New orthopaedic surgery chair focuses
on todays broken bones, tomorrows new legs
Dr. Cato Laurencin envisions new generation of
By Elizabeth Kiem
Cato Laurencin always knew he would pursue a career in medicine.
He assumed he would serve a community, tend to patients in a family
practice and make house calls like his mother did for 50
sometime during his studies at Harvard Medical School, he developed
a keen interest in orthopaedic surgery especially working
with athletes and the house calls became field calls, ring
calls and dugout calls.
area in which one works with high-performance athletes and treats
athletic injuries just seemed exciting and fun, he said.
doctored the New York Mets in 1993, a season in which the team
suffered a plethora of musculoskeletal injuries. In short, said
Laurencin, a good year to help the Mets as a sports doctor.
new duties as chairman of U.Va.s Department
of Orthopaedic Surgery and his ambitious research in tissue
engineering are now combined with his clinical interests in sports
medicine these days.
research team is working on ways to re-grow limbs or parts of
limbs through new technologies using smart grafts
and organic scaffolding to enable artificial bone and organ growth
and new materials for synthetic transplants. He hopes to see a
new generation of orthobiologics revolutionizing the
field in the next five to 10 years.
think I found a niche between what I do in the operating room
and what I do in the laboratories, he said.
department chairman, one of his immediate priorities is to enhance
the faculty with new appointments in areas such as sports medicine,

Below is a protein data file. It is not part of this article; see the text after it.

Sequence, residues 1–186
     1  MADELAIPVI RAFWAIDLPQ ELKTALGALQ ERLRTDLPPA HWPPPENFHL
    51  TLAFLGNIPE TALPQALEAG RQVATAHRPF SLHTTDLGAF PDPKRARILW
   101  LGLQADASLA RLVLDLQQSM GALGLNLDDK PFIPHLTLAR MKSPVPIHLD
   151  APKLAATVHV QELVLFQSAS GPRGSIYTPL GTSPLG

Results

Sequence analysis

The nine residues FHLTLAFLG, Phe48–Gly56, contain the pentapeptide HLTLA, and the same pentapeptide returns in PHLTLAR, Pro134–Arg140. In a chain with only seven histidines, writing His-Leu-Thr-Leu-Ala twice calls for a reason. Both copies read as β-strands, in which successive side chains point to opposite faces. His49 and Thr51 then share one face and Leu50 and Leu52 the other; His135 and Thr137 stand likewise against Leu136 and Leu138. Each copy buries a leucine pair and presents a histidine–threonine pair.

trauma and spinal injuries. In his new role as executive director
of U.Va.s Athletic Health Services, Laurencin is working
to organize physician treatment of athletes involved in Cavalier
sports programs. In this regard, he said he has been fortunate
to receive advice from Dr. Frank McCue, who recently retired as
team physician for U.Va. athletics.
one of the great legends of sports medicine
and in my transition
hes been extremely helpful to me, Laurencin said.
appointment began last February, when he left a vice chairmanship
in orthopaedic surgery at Drexel University to succeed Dr. Gwo-Jaw
Wang, becoming the U.Va. departments sixth permanent chair
since its founding in 1932. In addition to his expertise and credentials,
Laurencin brought to the University 22 faculty, fellows, students
and associated staff. The Laurencin team was completed in mid-July
with the arrival of his wife, Cynthia, and three children.
Arthur Tim Garson, vice president and dean of the
Medical School, said it was very gratifying that his students
chose to follow [Laurencin], adding that they would be a
great addition to the critical mass of investigators who
really worry about how tissues grow.
program in tissue engineering is already internationally renowned,
said Garson, and is an excellent fit with many of the Universitys
existing research groups, particularly those focusing on regenerative
medicine and morphogenesis.
Laurencin agreed that the Universitys emphasis on interdisciplinary
collaboration was one of the reasons he accepted the position.
particularly committed to creating new synergies between orthopaedic
surgery, engineering and science. I think this institution has
great potential in terms of being able to do that.
of surgery and the labs, Laurencin has shown strong leadership
in community outreach. This past year he was recognized by the
New Millennium Foundation for his work in the inner city Philadelphia
community, particularly involving athletes.
he said, reminds him of Princeton, where he majored in chemical
engineering in 1980. He recognized a potential for community service
here as well.
Ive already begun to be involved in outreach activities
here. I have been involved in a number of U.Va.s summer
program initiatives. Its always been an important part of
my life. I dont really see that changing.